At some point last year I preached a sermon on the parable of the mustard seed.
After that sermon, one of our members here at Concordia was nice enough to give me a mustard plant.
They wanted me to see how it grows into a big tree.
What I did was totally kill it.
Here it is now.
You can see that there is nothing left of the mustard plant.
This plant is not coming back.
This is where we start on Easter.
We start with the end of everything with death.
Truth is that it is impossible for a mustard seed to grow out of this plant here.
Or is it?
The women who went to the tomb on that first Easter Sunday expected to see well nothing.
They were expecting death.
They didn’t expect an angel, or an earthquake, or lighting, or an empty tomb, and they defiantly didn’t think they would see Jesus again.
They expected a tomb with a large rock rolled in front of it, and a dead body inside.
They expected death.
But God surprised them with something unexplainable and wonderful.
Perhaps we have over complicated things in the last 2,000 years.
We have insisted too much about what we think this story means.
Easter at first is simply a story.
It was not a theological idea- just an amazing unbelievable story.
The one who was dead is alive.
It was a story that from the very beginning was difficult to comprehend.
People don’t come back to life.
We know this because those of us who are here this morning and have experienced death know all too well of its finality.
But in Matthew’s telling of the story Jesus is alive.
He does come back to life.
And Jesus is no ghost, or spirit, but a real breathing person.
He is a real person that the women can touch.
It is important to Matthew that we know this was a real resurrection.
It was not imagined by the followers of Jesus.
They were not dreaming, or just hoping.
They were not dreaming, or just hoping.
And that is what makes the story even more unbelievable.
It is amazing that Christianity has spread so far, and has lasted so long.
Maybe this should be our way of selling it to the world.
Christianity the unbelievable religion!
Christianity you will hardly believe it!
We have misrepresented Christianity in modern and post-modern times.
We have been trying to argue that it can be proven with scientific and/or historical data.
But the resurrection is a question of the mystery of faith.
It cannot be explained.
It can only be experienced and lived.
It is a story we share and tell to explain God, and how we understand what God is doing.
It seems popular on the internet these days to take these quizzes to find out about ourselves.
There are quizzes to find out which character from the television shows “friends” would you be?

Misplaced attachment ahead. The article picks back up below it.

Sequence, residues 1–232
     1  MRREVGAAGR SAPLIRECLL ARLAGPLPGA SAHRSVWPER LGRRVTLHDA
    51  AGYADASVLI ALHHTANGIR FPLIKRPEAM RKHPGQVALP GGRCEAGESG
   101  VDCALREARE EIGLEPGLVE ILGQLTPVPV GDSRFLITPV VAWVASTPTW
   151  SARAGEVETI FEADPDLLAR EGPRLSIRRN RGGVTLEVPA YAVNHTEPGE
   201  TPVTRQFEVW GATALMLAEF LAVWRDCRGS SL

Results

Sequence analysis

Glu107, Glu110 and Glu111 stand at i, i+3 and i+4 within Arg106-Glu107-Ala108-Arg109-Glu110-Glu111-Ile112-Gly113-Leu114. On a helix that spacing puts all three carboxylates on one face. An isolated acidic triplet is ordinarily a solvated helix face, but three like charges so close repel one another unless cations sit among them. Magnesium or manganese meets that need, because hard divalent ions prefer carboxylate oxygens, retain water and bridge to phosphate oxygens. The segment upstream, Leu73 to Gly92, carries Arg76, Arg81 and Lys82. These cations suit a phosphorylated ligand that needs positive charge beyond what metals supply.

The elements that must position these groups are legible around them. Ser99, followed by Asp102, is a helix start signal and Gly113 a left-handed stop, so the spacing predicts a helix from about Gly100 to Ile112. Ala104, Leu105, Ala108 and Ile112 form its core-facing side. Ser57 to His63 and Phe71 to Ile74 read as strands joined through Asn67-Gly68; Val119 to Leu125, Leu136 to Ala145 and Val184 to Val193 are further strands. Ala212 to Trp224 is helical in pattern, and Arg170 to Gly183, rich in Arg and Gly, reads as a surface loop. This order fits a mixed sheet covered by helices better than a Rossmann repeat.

What decade you are from?
Where in New England you should live?
If you are a music fan what rock band would you be?
What movies you like?
What type of color you represent?
I think what is behind these quizzes and their popularity is that we are looking for identity.
We want to know who we are and where we belong in the world.
For us Christians the Easter story is our identity.
If we want to know what type of people we are as Christians we are resurrection people.
The Resurrection story is not just about us but also about God.
What type of God do we worship?
And this story tells us that we have a God who breaks out of the normal rules of life.
We have a God who is more powerful than death.
I love the part in Matthew’s Gospel when the Angel rolls away the stone and then sits on it.
As if to say, “this stone is nothing.”
And to God death is nothing.
The story only makes any sense because of God.
Yes, in this life people don’t come back from the dead.
This mustard plant is dead.
But we believe the story because we believe that with God all things are possible.
With God we look at this mustard plant that I killed and think, “But maybe it is not dead.”
In fact what I am going to do today is go outside and scatter this dried up dead plant in the churches yard.
Who knows what will happen from there?
I would like you all to join me in this experiment.
This morning everyone should take home a bag with some dirt.
I have placed in all these bags a seed.
Take it home and scatter it or plant it somewhere in your yard, and then wait and see.
I don’t know what will happen, neither do you.
But think of it as an act of faith.
If it does bloom then have it be a reminder that God brings death out of life.
If it doesn’t remember that you planted it as an act of faith and it is that faith that sustains us when things seem lost and dead.
Think about all the dead things in your life that you want God to bring new life to, and then remember that God makes all things new.
Remember in the planting that we are resurrection people.
Who worship a resurrected God.
This resurrection story is our central story it defines us.
What it exactly means might be different for all of us.
However, the story remains.
We know its power for our lives.
In faith we believe it.
In hope we embrace it.
That is what we celebrate today.
We celebrate again this essential story of God’s victory over sin and death.
We gather together and sing Alleluia.
And we celebrate that we are resurrection people who believe that even the most dried up things can come back to life.
As resurrection people we now do as Jesus tells us live without fear, in constant hope.
Even through suffering, death, and burial- we are resurrection people.
And so we can look at this plant that I killed and still believe that God will make something miraculous and incomprehensible happen just as God can do in all of our lives.